The an­swer came while train­ing a young ath­lete named Kennedy. Ro­driguez agreed to train the girl at the urg­ing of her mother, his friend Silva.

Silva told him his work­outs were sim­i­lar to those at a Fit Body Boot Camp in Fresno. She en­cour­aged him to open his own fran­chise. Ro­driguez did this sum­mer, one of sev­eral in the city. The 55-year-old de­scribes his boot camp, lo­cated at Mil­burn and Hern­don av­enues in north­west Fresno, as “one-on-one fit­ness in a group set­ting.”

It’s a re­mark­able achieve­ment con­sid­er­ing all he has en­dured phys­i­cally and men­tally over the past four years.

Of con­tract­ing West Nile, he said: “Look­ing back now, it was the worst thing that could hap­pen in my ca­reer but now it’s one of the best things be­cause I am truly able to help peo­ple and in­spire them.”

Ro­driguez said help­ing his clients, now more than 100 of them, be­come health­ier “is the most re­ward­ing thing, and I mean that so much.”

Doc­tors told him the only rea­son he sur­vived West Nile is be­cause he was so phys­i­cally fit.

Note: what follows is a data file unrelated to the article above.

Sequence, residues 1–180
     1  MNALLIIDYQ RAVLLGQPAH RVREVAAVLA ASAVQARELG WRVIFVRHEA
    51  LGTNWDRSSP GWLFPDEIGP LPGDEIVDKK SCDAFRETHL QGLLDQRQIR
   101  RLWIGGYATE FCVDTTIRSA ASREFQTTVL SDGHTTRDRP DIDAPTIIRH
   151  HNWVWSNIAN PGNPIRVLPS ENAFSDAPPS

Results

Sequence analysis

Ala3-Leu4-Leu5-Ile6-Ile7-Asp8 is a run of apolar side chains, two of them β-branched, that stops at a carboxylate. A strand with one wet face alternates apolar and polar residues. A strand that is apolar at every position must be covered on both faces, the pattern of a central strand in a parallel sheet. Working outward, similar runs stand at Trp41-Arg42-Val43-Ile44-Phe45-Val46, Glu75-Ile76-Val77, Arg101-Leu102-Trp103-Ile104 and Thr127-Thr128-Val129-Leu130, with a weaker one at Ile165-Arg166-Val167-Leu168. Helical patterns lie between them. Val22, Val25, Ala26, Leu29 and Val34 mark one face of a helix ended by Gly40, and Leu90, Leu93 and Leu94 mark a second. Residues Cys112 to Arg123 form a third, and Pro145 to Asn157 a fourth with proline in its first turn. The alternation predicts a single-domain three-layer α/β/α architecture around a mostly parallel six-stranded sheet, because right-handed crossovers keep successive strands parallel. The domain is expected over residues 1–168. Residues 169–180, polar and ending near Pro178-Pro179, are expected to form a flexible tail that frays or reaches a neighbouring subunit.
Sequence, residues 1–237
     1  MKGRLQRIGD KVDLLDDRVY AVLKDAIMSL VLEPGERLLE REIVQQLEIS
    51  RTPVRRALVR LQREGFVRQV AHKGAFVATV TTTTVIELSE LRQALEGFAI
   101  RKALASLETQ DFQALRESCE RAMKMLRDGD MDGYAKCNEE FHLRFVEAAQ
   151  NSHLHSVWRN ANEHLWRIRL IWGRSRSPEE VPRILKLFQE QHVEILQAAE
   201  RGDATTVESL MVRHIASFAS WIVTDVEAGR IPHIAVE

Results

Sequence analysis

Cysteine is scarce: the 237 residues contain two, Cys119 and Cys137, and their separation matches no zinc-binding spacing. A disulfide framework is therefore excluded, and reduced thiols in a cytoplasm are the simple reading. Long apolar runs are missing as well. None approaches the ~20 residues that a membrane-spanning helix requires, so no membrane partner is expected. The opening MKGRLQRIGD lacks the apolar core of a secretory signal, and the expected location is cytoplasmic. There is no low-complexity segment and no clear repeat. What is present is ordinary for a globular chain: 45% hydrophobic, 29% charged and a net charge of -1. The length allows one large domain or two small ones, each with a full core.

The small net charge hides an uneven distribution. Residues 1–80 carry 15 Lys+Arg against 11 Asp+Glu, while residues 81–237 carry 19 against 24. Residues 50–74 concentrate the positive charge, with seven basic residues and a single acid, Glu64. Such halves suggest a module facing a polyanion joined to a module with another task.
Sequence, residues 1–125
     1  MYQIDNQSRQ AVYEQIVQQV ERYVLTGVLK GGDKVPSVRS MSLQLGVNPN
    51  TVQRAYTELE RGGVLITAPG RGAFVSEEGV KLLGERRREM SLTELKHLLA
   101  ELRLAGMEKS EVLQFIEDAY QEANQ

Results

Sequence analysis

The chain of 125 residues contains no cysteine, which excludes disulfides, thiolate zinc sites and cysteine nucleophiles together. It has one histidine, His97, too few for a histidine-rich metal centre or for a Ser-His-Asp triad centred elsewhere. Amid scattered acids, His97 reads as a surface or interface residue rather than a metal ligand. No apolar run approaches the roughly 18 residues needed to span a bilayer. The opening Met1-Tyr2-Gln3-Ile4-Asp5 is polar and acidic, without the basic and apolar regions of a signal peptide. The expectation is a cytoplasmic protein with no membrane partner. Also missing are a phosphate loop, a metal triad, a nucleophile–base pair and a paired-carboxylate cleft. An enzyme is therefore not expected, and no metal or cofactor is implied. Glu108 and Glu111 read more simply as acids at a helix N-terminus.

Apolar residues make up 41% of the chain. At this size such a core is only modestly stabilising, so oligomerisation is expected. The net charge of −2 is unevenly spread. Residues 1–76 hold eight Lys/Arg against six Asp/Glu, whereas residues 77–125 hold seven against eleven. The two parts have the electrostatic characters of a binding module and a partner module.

West Nile in­fected at least 26 peo­ple in the cen­tral San Joaquin Val­ley this year: eight in Kern, seven in Tu­lare, six in Fresno, three in Madera, and two in Merced coun­ties. Eight peo­ple died from the virus in Cal­i­for­nia in 2018, based on data re­leased Nov. 1. Half of the deaths were in the Sacra­mento area. The oth­ers were di­vided be­tween North­ern and South­ern Cal­i­for­nia.

The virus is picked up by mosquitoes that feed on in­fected birds. Peo­ple can­not pass on the virus through cough­ing, touch­ing or kiss­ing.

Ro­driguez also helped an­other West Nile sur­vivor, Tim Thiesen. The Clo­vis North High School teacher and for­mer base­ball coach said Ro­driguez’s pos­i­tive at­ti­tude was an in­spi­ra­tion as he went through his own re­ha­bil­i­ta­tion fol­low­ing his di­ag­no­sis.

One of the long-term ef­fects for Ro­driguez is post-trau­matic stress disor­der. Small, un­ex­pected things can star­tle him: a tap on the shoul­der, the sound of grind­ing pep­per, or some­one sud­denly ap­pear­ing around a corner.

“It’s crazy,” Ro­driguez said of PTSD. “I wish I could ex­plain it, how it makes you feel, and it’s not all the time.”

Through all of it, he’s de­voted to con­tin­u­ing his jour­ney to get stronger. He helps his clients do the same. Silva, also op­er­a­tions and nu­tri­tion man­ager for his boot camp, calls him a “nat­u­ral-born en­cour­ager.”

“No one leaves Michael feel­ing down, ever,” she said.

JOHN WALKER jwalker@fres­

Michael Ro­driguez, who nearly died from West Nile virus in 2014, has turned his ex­pe­ri­ence into help­ing oth­ers at his Fit Body Boot Camp in Fresno: “It was the worst thing that could hap­pen in my ca­reer but now it’s one of the best things be­cause I am truly able to help peo­ple and in­spire them.”

Michael Ro­driguez is seen in a body­build­ing com­pe­ti­tion in this 1996 photo.